The SHA Maverick

Having first been inspired by Honea’s slight bending of the rules (see his most recent collection) by including a wedding band in his SHA pieces, the world of Symmetrical Hand Arrangement has found itself a new bad boy. Gordon Palm, yes that is his real name, has decided to buck the system and has been keeping the SHA community on its toes…or fingers, as it were. Palm sent the community abuzz with his most recent exhibition in which all of the pieces were deliberately asymmetrical. While some call it genius and others call it heresy, one thing is certain: whatever is decided will radically change what can be called SHA.

Some samples from the exhibition:

4 Thoughts on “The SHA Maverick

  1. Look! An Elephant!!!

    Seriously.

    Knock yourself out Gordon. Interesting, but rather obviously is a differentiated pursuit. I’m quite certain his hands remain asymmetrical in any number of pursuits, but SHA, by its very definition cannot be one of them.

  2. Gordon Palm was a failure at school, too, never made the rugby team, much less the SHASA. Always attempting—and failing with—SHA in company. Pitiful. It pains me to see him trying to gain admittance to the mysteries in this way. Unfortunately, society as a whole today is so completely unsure of the basic structures of hand symmetricality that he may very well fool some of the general populace into believing that his feeble attempt is a direct, perhaps “easier” link, to the rigors of SHA.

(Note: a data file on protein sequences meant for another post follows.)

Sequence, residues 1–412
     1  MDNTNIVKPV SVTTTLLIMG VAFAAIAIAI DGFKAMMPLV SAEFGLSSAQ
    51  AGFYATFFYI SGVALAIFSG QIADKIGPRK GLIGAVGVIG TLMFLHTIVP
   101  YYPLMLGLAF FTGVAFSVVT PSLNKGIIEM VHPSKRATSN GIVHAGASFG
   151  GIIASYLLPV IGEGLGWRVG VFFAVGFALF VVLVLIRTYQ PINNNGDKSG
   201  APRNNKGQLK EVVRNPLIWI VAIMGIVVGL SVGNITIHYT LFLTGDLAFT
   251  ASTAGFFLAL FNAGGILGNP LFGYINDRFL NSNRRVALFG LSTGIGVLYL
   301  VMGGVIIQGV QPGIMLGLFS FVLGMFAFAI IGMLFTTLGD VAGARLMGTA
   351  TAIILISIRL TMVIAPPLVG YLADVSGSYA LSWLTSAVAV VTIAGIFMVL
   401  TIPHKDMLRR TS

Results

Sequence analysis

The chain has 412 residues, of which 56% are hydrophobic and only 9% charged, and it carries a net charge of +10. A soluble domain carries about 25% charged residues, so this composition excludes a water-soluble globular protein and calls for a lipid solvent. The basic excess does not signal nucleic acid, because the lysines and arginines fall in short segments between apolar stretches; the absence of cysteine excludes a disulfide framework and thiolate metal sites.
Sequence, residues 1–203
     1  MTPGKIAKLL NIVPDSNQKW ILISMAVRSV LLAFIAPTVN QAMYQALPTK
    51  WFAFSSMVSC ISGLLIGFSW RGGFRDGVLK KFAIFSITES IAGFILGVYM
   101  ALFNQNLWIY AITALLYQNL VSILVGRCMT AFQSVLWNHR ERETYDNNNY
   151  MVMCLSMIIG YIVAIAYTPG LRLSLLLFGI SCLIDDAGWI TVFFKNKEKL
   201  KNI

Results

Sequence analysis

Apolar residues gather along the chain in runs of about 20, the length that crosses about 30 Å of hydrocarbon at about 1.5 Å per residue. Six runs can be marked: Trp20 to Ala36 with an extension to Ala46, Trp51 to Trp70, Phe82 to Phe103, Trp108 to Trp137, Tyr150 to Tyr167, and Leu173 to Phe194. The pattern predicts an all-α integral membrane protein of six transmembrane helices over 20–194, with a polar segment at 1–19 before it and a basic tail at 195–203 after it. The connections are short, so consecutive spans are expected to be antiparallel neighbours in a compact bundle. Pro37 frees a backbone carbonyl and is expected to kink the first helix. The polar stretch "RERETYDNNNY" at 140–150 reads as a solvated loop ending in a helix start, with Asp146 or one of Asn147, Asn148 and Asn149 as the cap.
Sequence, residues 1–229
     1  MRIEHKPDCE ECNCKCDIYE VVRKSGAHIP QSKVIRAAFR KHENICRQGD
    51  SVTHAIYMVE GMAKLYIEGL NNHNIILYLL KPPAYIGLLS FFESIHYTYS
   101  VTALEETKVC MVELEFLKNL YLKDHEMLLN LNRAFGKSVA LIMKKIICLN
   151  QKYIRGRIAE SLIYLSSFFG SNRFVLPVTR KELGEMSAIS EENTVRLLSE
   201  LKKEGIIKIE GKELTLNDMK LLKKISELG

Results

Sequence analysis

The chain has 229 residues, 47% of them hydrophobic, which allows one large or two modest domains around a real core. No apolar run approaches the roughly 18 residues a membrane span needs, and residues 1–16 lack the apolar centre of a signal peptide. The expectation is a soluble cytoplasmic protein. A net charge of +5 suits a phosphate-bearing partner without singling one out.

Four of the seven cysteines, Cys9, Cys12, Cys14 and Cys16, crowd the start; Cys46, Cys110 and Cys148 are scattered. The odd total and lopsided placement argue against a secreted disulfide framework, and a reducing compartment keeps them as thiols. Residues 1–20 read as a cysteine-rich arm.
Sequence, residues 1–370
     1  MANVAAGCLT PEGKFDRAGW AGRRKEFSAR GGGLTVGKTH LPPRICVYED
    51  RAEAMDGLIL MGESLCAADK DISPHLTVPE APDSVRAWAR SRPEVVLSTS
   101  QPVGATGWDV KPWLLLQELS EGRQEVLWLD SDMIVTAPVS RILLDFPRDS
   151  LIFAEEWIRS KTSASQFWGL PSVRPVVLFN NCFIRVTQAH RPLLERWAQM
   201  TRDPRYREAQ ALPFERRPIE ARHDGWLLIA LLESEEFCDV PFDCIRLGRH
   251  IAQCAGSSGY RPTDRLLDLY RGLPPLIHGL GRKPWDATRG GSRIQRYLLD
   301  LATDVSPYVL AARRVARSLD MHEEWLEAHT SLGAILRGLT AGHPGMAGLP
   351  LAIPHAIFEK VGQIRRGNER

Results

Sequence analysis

3. Those of us who experienced an early call to the visual dimension as a welcoming realm of potential activity and vocation can also remember the equally profound infantile joy accompanying our first inkling of that obdurate thing referred to as asymmetry. It immediately glowed as a heretical rival doctrine. The Parthenon collapsed under the weight of its own Classicist Orthodoxy. The “unbalanced” fueled our most rudimentary notions of rebellion. Just around the corner was the “Romantic Agony” of the differentiated Genius posing atop the art world’s precocious pedestal of exceptionalism. Here Palm set up shop and stayed.–Kenneth Clark, “Palm Reading,” The Times Literary Supplement, Apr. 14, 1953.

  4. Palm’s stuff on that wooden table of his. Always looked like mutton shanks on a chopping block. If I had been there with a meat cleaver, I’d have spared the world some misery.–Henry Moore, 1963 interview.

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